02/08/2007 1:00AM

It was fun while it lasted


ARCADIA, Calif. - Whitey, we hardly knew ye!

It was a grand run, these past 45 days, to be known forever in the Santa Anita annals as the brief but glorious Michael McCarthy era. Sadly, though, it all comes to an end when the clock strikes midnight on Saturday, the coach turns into a pumpkin, and McCarthy - Whitey, to his old California compadres - goes back to his role as Todd Pletcher's West Coast alter ego.

Pletcher's 45-day suspension for a 2004 mepivicaine positive in New York put McCarthy and his Florida counterpart, Anthony Sciametta, temporarily in the spotlight. Horses ran in their names at Santa Anita and Gulfstream Park, and any purse winnings were likewise attached.

Sciametta, firing with both barrels, led the Gulfstream standings with 18 winners from 78 starters through Wednesday. McCarthy, playing with fewer cards, has won with 5 of the 18 he saddled at Santa Anita, taking the Palos Verdes Handicap with Friendly Island and the Sham Stakes with Ravel, in addition to Icy Atlantic's runner-up effort to Lava Man in the Sunshine Millions Turf. Apparently, these guys know what they're doing.

Any thoughts of a coup d'etat, however, are discouraged by the fact that the Pletcher stable, as a unit, has accumulated purse earnings of more than $65 million over the past three seasons. McCarthy, for one, will be satisfied with his month and a half in the sun and perfectly happy to answer officially to assistant trainer once again. Still, those Santa Anita starters listed with his name alone were the stuff dreams are made of.

"Given the circumstances, it's still pretty neat," McCarthy said. "Santa Anita is one of the toughest meets in the country to win races. So I'm pretty proud of the way the whole team has worked out here this winter. It's not like we had to take down the Todd Pletcher webbings and plaques. But if we keep this roll going, maybe we should."

Born in Youngstown, Ohio, McCarthy dates his California racing memories to the late 1980's, when he graduated from Arcadia High School, barely a stone's throw from Santa Anita.

"Sunday Silence was racing when I was a senior, and Best Pal came along after that," McCarthy recalled. "If two horses like that don't get you excited about horse racing, nothing will."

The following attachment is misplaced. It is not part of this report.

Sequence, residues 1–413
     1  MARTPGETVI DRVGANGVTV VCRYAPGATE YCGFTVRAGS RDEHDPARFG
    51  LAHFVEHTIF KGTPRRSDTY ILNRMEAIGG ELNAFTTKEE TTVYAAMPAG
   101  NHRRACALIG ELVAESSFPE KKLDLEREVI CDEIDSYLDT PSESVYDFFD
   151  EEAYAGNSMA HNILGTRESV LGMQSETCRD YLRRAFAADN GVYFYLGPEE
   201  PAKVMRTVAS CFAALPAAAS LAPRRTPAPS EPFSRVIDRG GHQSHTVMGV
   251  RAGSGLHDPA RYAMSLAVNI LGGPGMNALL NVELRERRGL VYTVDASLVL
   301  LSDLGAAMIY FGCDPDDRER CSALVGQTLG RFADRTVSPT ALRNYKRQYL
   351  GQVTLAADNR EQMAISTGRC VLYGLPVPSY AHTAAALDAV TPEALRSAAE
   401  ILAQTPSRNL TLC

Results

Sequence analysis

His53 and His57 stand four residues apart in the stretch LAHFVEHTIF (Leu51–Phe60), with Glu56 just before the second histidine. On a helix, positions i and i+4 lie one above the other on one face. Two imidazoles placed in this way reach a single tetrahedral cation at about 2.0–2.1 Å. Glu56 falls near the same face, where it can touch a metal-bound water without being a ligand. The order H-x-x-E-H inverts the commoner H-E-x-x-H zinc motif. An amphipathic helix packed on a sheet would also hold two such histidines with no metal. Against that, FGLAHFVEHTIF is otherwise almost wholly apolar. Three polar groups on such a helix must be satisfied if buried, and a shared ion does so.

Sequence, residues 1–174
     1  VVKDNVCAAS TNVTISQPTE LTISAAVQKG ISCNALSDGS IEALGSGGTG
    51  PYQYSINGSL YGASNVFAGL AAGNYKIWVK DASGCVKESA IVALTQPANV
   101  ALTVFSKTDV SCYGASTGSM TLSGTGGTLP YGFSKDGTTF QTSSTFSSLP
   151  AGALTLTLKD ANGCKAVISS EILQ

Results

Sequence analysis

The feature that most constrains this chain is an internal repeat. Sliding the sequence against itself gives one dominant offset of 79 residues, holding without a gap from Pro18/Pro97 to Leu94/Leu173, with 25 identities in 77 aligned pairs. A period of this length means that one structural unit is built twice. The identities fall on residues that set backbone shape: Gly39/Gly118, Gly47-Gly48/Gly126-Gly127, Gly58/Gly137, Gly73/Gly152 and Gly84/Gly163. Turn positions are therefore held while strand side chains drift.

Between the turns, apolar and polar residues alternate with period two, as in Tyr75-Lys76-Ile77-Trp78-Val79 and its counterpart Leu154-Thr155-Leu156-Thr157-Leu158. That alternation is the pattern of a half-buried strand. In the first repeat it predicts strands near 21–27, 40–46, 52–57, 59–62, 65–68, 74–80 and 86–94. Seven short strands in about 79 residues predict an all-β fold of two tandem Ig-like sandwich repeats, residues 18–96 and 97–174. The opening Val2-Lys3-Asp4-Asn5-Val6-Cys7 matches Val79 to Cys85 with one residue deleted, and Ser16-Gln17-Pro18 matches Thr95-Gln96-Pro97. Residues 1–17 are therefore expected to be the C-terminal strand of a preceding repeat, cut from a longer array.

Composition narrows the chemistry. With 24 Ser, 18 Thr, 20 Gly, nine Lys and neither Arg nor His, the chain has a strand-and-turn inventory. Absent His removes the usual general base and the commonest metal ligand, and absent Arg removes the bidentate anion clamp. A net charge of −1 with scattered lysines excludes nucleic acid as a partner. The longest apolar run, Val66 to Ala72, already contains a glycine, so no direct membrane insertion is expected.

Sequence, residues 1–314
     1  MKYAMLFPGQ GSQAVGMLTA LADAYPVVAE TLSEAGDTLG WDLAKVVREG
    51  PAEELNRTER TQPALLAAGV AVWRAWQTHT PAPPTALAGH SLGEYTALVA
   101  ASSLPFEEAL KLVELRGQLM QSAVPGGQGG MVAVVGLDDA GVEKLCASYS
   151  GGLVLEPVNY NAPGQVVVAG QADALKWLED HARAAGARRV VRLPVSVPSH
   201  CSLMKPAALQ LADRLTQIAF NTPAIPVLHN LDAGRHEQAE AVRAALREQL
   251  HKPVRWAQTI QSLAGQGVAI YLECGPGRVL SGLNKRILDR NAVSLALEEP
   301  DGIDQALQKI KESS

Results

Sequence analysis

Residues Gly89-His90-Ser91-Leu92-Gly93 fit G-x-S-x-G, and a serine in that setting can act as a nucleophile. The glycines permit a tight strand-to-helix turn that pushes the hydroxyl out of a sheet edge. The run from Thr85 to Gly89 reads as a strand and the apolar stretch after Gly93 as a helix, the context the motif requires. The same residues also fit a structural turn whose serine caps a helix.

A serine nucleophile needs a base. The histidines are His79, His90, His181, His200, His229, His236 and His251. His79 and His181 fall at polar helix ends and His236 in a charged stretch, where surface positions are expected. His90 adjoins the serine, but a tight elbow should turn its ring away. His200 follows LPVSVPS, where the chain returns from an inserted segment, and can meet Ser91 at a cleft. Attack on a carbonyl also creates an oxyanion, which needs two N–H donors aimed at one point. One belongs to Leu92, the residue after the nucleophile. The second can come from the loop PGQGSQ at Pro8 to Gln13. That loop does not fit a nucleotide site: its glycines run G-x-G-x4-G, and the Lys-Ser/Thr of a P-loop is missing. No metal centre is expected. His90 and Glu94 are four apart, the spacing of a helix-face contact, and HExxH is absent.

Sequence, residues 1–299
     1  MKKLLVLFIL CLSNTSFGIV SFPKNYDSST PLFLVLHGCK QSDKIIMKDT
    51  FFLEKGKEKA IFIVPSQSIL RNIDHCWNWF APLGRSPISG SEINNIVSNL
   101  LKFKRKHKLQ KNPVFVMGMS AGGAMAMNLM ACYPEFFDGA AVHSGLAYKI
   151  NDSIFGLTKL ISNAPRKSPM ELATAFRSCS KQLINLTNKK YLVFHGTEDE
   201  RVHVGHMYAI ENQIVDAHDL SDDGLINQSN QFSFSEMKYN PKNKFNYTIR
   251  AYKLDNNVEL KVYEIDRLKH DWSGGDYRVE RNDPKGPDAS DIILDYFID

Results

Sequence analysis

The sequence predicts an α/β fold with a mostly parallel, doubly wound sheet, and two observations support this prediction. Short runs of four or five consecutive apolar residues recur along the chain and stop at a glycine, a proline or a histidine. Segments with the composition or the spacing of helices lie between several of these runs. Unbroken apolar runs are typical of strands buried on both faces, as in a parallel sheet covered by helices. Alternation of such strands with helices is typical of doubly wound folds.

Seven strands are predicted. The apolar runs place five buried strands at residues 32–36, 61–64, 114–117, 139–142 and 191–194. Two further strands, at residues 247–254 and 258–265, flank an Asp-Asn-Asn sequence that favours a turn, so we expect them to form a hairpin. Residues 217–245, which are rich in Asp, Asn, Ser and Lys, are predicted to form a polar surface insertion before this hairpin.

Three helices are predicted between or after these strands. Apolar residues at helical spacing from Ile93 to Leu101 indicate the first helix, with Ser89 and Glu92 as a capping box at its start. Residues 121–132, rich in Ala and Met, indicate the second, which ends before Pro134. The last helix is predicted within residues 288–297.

The game soon sucked him in. McCarthy, 36, worked as a veterinary assistant and for a number of California trainers, including a brief tour with Doug Peterson of Seattle Slew fame and a longer stint with Ben Cecil, trainer of champion turf mare Golden Apples. He joined the Pletcher organization four years ago.

McCarthy has a chance to go out on a high note on Saturday when he saddles the A.P. Indy filly Rags to Riches in the Las Virgenes Stakes against a salty field that will feature stakes winners Jump On In, Romance Is Diane, Baroness Thatcher, Cash Included, and Quick Little Miss. The one-mile main track event leads to the Santa Anita Oaks, and ultimately to the Kentucky Oaks at Churchill Downs on the day before the Derby.

Rags to Riches is leaping from the frying pan of a flashy maiden score into a Grade 1 fire, but McCarthy said he thinks she is up to the challenge. At $1.9 million worth of Coolmore money, she had better be.

"Going from a maiden to a Grade 1 is not exactly par for us," McCarthy said Thursday after training hours at Hollywood Park. "But at this time of the year, sometimes you can get lucky.

"Demi O'Byrne thinks she's the best-looking filly he's ever bought," McCarthy added, referring to Coolmore's senior bloodstock adviser. "She's just a real classic-looking filly. Beautiful head, beautiful eye, and a good mind. She does not have any quirks at all. And of course, we've always been excited about her pedigree."

Rags to Riches is a half-sister to 2006 Belmont Stakes winner Jazil, with a personal history that seems to be stalking her famous brother at every turn. Rags to Riches made her racing debut with a fourth-place finish last June 10 at Churchill Downs, the same afternoon Jazil won the Belmont for the Kiaran McLaughlin stable. The filly missed the rest of her 2-year-old season with a minor injury suffered at Saratoga, but reappeared with a flourish to win by six at Santa Anita on Jan. 7. That was two days after Jazil made his first start since the Belmont and finished second at Aqueduct.

Once again, Jazil is setting the table, although he has yet to recapture his Belmont magic. On Thursday, he finished a distant second to Corinthian in an allowance race at Gulfstream Park. Now Rags to Riches takes her turn on Saturday.

"No question it's a tough race," McCarthy said. "What she lacks in experience I think she makes up for in class. In the end, though, it will be up to her. We're responsible for the effort, not the outcome. I heard Jerry Bailey say that one time, and it makes a lot of sense."